What can students today do to succeed in software engineering?
Develop a sense of curiosity! Interesting jobs in any part of tech (not just software engineering) involve working on things where you can’t just cut and paste a solution. My students who have been the most successful are the ones who ask themselves a lot of “what if” questions and then use what they’ve already learned to help find out the answer.
As a female engineer, you’ve seen a lot of progress in the technology space. What has it been like to experience that progress firsthand?
In the early 1990s I did think about going back to software but the sexism I encountered then made it really not enjoyable. We still have quite a ways to go in this industry — only about 30% of my students are women — but we’ve made so much progress in the last 30 years that it’s a completely different experience now. I can’t wait to see what the next 30 years will bring.
Do you have advice for young women who are interested in making a career in engineering or technology?
Remember that people who sound the most confident are often blowing smoke. There’s a percentage of male students who love to brag about code they’ve written or their hardware knowledge, but when you dig deeper there’s no substance behind the bragging. But too many of my female students listen to that bragging and let it undermine their own confidence.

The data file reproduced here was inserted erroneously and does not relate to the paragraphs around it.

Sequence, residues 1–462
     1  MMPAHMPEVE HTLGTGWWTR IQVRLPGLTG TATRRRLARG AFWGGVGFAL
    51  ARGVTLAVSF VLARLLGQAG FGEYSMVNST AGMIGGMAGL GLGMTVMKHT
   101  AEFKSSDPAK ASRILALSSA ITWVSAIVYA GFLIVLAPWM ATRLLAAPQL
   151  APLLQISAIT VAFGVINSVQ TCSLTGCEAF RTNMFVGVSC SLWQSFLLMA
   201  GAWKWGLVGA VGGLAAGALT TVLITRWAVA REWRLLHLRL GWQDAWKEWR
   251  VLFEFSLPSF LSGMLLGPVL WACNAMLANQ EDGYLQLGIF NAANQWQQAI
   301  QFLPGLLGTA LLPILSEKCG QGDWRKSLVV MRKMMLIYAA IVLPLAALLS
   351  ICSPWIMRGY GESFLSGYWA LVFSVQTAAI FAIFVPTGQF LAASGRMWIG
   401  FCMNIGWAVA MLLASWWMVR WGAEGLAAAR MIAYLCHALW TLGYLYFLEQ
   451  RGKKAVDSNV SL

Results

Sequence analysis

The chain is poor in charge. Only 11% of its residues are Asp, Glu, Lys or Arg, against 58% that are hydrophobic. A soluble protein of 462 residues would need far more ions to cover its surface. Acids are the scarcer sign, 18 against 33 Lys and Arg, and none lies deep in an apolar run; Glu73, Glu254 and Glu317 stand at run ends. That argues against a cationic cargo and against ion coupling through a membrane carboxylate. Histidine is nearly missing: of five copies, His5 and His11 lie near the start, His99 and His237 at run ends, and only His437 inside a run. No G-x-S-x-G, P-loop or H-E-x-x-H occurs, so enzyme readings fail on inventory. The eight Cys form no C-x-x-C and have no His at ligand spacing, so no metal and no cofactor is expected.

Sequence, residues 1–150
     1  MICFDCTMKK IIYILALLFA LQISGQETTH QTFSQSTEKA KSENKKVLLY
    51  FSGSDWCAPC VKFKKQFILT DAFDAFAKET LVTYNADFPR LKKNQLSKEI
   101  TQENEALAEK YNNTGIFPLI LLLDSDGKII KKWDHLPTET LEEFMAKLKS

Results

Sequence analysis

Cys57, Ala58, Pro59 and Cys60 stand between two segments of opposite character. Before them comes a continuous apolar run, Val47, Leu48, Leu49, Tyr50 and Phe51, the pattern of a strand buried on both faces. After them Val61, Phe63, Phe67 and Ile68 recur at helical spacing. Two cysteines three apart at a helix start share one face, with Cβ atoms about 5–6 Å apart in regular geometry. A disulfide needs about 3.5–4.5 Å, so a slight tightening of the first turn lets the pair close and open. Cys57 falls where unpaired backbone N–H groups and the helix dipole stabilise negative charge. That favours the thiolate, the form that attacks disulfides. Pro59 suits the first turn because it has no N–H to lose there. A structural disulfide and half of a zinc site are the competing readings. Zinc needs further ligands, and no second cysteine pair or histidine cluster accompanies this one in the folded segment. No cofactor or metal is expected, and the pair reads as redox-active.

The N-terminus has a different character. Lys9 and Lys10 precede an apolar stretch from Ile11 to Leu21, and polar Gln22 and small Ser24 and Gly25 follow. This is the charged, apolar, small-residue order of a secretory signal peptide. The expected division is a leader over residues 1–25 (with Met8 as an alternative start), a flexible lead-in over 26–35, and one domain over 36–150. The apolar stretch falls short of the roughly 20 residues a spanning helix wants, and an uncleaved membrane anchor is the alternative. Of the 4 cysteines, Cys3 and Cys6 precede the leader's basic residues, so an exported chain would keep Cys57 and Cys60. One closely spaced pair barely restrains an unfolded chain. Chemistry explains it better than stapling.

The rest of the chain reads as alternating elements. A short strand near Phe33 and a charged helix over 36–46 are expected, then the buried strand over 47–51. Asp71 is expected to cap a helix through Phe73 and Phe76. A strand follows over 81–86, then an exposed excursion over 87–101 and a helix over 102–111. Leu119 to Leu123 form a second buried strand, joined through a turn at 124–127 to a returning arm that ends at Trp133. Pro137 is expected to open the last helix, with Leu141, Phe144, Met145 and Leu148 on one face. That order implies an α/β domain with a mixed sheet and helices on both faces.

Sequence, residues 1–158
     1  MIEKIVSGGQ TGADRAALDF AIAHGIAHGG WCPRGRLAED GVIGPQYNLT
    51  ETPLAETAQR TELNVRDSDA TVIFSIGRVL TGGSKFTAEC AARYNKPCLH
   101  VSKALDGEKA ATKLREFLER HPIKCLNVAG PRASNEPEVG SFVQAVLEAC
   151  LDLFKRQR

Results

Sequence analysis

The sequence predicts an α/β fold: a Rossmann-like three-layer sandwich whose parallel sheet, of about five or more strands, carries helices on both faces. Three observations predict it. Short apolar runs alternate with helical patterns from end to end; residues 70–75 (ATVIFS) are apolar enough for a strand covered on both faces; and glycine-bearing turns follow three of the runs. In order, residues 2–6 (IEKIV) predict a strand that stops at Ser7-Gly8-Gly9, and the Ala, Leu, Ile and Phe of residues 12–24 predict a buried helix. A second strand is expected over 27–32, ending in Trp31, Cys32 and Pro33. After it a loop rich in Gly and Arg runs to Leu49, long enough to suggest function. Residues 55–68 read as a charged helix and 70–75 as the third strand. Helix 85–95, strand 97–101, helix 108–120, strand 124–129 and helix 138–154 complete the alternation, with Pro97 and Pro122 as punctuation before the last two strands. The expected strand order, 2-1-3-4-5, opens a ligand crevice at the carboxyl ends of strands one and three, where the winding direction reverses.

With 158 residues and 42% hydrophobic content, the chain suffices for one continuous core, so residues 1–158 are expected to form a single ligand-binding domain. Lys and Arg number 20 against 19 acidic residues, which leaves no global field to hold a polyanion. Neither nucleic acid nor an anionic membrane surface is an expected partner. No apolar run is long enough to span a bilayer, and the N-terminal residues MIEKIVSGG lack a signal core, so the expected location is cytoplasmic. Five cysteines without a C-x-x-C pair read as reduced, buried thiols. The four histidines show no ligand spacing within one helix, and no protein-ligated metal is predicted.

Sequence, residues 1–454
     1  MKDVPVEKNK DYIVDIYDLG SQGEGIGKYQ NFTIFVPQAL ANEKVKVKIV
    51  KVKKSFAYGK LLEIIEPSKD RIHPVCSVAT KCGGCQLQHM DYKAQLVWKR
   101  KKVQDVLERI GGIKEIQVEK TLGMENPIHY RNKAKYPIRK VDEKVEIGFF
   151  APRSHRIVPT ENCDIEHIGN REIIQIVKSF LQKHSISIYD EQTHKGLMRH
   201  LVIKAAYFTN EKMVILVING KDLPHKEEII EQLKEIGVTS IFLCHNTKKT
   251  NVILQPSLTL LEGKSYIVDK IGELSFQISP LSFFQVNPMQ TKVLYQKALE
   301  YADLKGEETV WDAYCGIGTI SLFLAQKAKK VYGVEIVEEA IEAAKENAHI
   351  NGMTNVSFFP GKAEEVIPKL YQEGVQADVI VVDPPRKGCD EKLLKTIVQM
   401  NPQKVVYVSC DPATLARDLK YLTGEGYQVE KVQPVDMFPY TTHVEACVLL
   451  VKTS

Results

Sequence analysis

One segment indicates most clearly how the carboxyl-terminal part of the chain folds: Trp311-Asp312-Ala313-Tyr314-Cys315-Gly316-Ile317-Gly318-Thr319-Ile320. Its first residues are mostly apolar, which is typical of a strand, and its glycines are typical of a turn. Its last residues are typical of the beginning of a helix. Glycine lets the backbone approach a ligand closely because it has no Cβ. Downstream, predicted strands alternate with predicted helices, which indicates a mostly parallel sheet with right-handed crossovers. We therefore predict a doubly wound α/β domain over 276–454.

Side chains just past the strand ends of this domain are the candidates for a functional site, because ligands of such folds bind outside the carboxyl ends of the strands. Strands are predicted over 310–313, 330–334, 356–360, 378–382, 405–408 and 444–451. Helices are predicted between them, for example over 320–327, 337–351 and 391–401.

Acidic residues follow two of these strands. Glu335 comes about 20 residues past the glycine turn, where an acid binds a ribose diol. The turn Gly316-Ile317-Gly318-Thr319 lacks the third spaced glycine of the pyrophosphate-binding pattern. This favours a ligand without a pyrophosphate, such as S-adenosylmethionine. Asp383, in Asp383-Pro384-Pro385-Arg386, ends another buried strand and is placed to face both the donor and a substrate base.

And ignore anyone who says engineering is not for women. It definitely is for women!
What successes are you most proud of as an engineer?
One of the things I’m most proud of at IA has been my work on the translation system and localization. Helping make Ignition even more useful on the plant floor for every worker is such a great feeling.
What are your favorite parts of working at IA?
Definitely the people, both my co-workers and our customers.
I love the culture of respect we have for each other here. We’re all knowledgeable professionals and we’re working for the same goal — to make and help people use an amazing piece of software.
And our customers are equally amazing. Every single time I see a project they’re working on, I’m blown away by how creative they are and how different every single project is.
What do you enjoy doing outside of work?
I’m out hiking or biking almost every weekend with my husband and my best friend somewhere in Northern California. I call it my “pine tree therapy” — being out in nature with good company is the best.
I’m also a contemporary quilter and I do both art quilts and modern takes on traditional patterns. One thing a lot of my co-workers may not know is I was a professional quilter for almost 10 years and I’ve had pieces in international quilt shows.
Favorite employee perk?
Poppy Pass (which is a day pass for California state parks). A lot of companies say they think work–life balance is important, but IA really walks the walk and the Poppy Pass is just one example of that. I’ve been using the Poppy Pass almost every weekend to get out into nature, clear my head, and see our wonderful California state parks.
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Tags /Education Engineering Staff Feature